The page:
Location: Places >> North America >> United States >> New York State >> New York City >> Biking in New York
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about biking in new york
* ALWAYS LOCK YOUR BIKE and any removeable parts with a serious lock, especially at night. Bicycle thief vultures lurk.
* Riding a bike, especially with others, is one of the best way to see a city, and NY is a great example.
* There are 1000s of locals and visitors who ride bikes
every day in New York. They're easy to join:
* NYC is highly accessible by bicycle.
* NYC has great car-free trails throughout the city.
* During non-rush hour, bikes can and should be taken
on the subway, staten island ferry, and roosevelt
island tram. When riding the subway, back your rear
wheel up to the door connected to the next subway car.
* Taking your bike on the Metro North, LIRR, and
NJTransit is convenient, cheap, and fun. Talk to the
conductor when you board so he can tell you where to park.
* Many local bike maps, blogs, and more info are on:
* Bicycling common sense applies in new york city.
Lights, helmets, rush hour, flat tires, aggressive
* The most useful asset in your pocket is the nyc
bicycle map, available for free at any of the hundreds of
bike stores in nyc.
How and where to get a bike in New York(in progress - contributions welcome)
this is my opinion.
get a secondhand bike. there are thousands of sweet bikes laying around ny that come from people who are used to buying nice things with money. then they get a flat and can’t be bothered with fixing it or even finding out who to pay to do it for them. after discovering that maintaining a bike requires effort, they dump a really nice ride that is 99% complete. (of course, buying secondhand also does a big favor to mother earth.)
so, maintaining a bike requires some commitment, and in new york, that means getting a good lock when you get your bike. a lock is not an optional accessory you add later! that lock is your bike's guardian and needs to go everywhere she goes, or you will quickly learn that a bike without a lock in nyc is a disposable bike, and it’s no fun to be on a bike when you know the only place you can go is back inside your apartment. that will hold you back from experiencing the freedom of being born again into a life on two wheels!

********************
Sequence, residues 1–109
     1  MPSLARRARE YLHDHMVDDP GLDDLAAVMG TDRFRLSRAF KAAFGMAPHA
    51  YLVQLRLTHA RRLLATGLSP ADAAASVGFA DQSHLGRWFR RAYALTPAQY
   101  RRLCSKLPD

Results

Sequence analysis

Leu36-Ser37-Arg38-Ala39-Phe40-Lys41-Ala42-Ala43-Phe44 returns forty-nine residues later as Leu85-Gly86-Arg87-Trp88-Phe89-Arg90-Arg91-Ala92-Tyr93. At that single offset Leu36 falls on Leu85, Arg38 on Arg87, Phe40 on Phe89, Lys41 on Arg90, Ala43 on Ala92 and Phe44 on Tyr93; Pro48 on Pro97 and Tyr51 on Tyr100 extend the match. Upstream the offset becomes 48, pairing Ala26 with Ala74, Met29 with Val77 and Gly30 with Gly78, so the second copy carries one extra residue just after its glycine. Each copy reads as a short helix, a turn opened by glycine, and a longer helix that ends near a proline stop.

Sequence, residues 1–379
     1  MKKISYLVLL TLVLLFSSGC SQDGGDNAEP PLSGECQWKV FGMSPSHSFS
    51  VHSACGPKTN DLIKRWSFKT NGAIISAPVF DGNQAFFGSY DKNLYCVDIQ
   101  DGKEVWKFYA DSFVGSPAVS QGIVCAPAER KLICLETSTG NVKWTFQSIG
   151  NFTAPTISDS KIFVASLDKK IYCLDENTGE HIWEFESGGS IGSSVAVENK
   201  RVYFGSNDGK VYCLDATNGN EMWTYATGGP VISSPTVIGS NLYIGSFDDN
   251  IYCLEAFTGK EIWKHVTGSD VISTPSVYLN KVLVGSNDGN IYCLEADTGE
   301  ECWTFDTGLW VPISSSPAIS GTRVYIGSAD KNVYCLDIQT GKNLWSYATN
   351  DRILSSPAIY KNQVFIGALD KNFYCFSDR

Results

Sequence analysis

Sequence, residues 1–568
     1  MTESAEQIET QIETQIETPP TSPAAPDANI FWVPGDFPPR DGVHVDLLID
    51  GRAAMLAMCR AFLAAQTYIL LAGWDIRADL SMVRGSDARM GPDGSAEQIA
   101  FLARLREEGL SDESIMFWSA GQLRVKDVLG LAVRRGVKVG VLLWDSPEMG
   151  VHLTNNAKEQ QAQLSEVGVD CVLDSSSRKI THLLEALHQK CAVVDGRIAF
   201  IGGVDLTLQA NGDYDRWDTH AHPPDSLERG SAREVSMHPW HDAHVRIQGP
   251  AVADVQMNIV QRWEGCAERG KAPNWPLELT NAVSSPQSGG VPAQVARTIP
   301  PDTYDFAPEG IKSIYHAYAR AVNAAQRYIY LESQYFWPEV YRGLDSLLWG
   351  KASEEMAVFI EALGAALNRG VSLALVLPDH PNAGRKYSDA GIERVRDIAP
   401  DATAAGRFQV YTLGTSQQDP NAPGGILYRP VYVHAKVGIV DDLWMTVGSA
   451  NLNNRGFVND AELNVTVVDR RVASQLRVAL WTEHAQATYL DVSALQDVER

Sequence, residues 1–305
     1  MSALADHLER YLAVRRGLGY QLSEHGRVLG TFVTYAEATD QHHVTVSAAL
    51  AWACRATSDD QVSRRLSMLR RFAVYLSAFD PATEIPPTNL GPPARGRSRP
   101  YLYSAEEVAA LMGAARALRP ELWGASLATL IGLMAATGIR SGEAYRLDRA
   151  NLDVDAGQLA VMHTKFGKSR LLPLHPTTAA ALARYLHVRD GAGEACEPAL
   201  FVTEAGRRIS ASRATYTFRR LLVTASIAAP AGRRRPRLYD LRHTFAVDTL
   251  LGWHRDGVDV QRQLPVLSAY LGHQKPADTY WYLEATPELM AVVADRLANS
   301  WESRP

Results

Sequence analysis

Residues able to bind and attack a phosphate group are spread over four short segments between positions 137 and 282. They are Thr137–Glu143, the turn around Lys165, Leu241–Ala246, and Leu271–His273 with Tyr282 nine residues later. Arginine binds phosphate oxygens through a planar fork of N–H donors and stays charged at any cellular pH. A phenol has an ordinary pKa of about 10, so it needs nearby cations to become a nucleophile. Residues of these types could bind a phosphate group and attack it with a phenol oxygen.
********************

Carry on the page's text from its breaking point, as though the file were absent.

how to test a bike, practice as you shop ... six inch drop, loose chain, brakes, flat tires are expected / easily fixed, shift gears, loose headset, adjust seat height, bring a multitool if you have one
places to get bikes:
- thrift stores such as housing works and salvation army. $20-50 PROS: really cheap. hunting becomes an entertaining hobby and conversation topic. CONS: takes time. not for people who want something specific.
if you go to every thrift store you pass, within a couple weeks or months, depending on how picky you are, you'll find your match. it's kind of like entering a new dating pool. when you finally find "the one", it will feel like your match has been looking for you her whole life, too. tell all your friends who shop at thrift stores - and you'd be surprised at who shops at thrift stores so tell everyone - to keep their eyes out for elegible bike orphans, too. know how to test a bike. take a pump so you can pump tires and test drive it.
- craigslist. takes time to correspond, great if you know what you want
- secondhand bike shops such as recycle a bicycle
- build a bike at places like times up,
your next accessories are lights and a helmet.